A Times Book of the Year 2021
David Baddiel was born in 1964 in Troy, New York, but grew up and lives in London. He is a comedian, television writer, columnist and author of three previous novels, of which the most recent is The Secret Purposes.
'Jews Don't Count is a supreme piece of reasoning and
passionate, yet controlled, argument. From his first sentence, the
energy, force and conviction of Baddiel's writing and thinking will
transfix you...as readable as an airport thriller...a
'I don't think I have ever been so grateful to anyone for
writing a book. Baddiel's Jews Don't Count is incisive, urgent,
surprisingly funny and short. It's also a beautiful piece of
publishing. It needs to be read'
'Brilliant, furious, uncomfortable, funny. Essential
'I'm about a quarter of the way into this thus far and it's very
well argued and written. It's a book you know the author HAD to
write, and those are the best books'
'I only big up work I really believe is good and this is
extra-ordinarily good. And important'
'This is brilliant - funny and furious, mostly at the same
'A convincing and devastating charge sheet' Dominic Lawson, Sunday Times
'It is so gripping - I read it in a single sitting' Stephen Bush, The Times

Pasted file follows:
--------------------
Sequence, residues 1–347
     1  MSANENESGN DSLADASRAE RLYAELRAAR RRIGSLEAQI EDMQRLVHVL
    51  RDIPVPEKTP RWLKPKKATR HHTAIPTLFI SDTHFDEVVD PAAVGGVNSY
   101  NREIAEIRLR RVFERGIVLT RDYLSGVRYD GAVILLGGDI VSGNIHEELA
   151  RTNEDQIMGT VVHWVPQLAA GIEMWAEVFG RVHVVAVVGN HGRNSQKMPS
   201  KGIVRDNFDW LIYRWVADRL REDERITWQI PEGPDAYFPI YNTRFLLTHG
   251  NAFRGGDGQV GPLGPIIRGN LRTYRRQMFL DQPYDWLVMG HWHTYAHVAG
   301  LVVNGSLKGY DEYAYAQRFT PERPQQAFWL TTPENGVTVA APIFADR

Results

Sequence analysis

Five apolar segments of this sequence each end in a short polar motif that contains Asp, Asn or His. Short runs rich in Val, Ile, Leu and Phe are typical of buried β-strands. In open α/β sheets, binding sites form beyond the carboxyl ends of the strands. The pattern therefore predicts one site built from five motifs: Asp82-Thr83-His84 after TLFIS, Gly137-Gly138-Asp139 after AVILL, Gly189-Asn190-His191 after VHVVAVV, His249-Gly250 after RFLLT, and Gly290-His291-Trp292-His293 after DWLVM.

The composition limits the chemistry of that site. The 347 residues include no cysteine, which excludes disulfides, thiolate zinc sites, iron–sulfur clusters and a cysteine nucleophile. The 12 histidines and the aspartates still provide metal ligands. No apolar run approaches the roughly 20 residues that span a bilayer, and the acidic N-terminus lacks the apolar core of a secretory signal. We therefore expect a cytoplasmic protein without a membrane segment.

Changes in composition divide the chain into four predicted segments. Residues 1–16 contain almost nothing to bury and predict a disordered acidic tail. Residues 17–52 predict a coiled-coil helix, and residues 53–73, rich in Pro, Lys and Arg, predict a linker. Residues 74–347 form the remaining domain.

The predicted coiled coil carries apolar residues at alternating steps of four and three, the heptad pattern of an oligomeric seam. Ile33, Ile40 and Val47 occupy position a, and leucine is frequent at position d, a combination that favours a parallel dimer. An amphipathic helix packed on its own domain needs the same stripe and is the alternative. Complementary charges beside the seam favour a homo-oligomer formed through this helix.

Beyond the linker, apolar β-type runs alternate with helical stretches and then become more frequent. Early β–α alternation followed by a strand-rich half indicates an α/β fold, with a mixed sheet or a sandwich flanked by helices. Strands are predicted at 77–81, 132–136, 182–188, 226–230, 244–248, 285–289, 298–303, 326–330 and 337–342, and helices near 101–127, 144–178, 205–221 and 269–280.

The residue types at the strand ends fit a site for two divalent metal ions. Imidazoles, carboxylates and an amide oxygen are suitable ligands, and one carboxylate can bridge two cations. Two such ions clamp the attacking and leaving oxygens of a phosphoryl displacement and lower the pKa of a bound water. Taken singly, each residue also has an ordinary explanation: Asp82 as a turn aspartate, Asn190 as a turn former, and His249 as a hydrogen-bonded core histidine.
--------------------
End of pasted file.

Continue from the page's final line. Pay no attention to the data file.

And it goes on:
'A fascinating book, I urge you to read it' Piers Morgan
'I really think it's a great book ... the real triumph is its tone, its straightforwardness, and its spectacular tact and wit' Adam Phillips, author of Monogamy
'this short and powerful book shows, with remarkable humanity and humour, that no contemporary conversation about racism is complete without confronting antisemitism. An essential read - and a compulsory one too, if I had my way.' Sathnam Sanghera
'Funny, complex and intellectually satisfying - a really good piece of work' Frankie Boyle
'Just so brilliantly argued and written, I was completely swept along' Hadley Freeman
'David Baddiel is a brilliant thinker and writer. Even when I disagree with him - especially when I disagree with him - I feel profound gratitude for his intellectual and moral clarity. This is a brave and necessary book.' Jonathan Safran Foer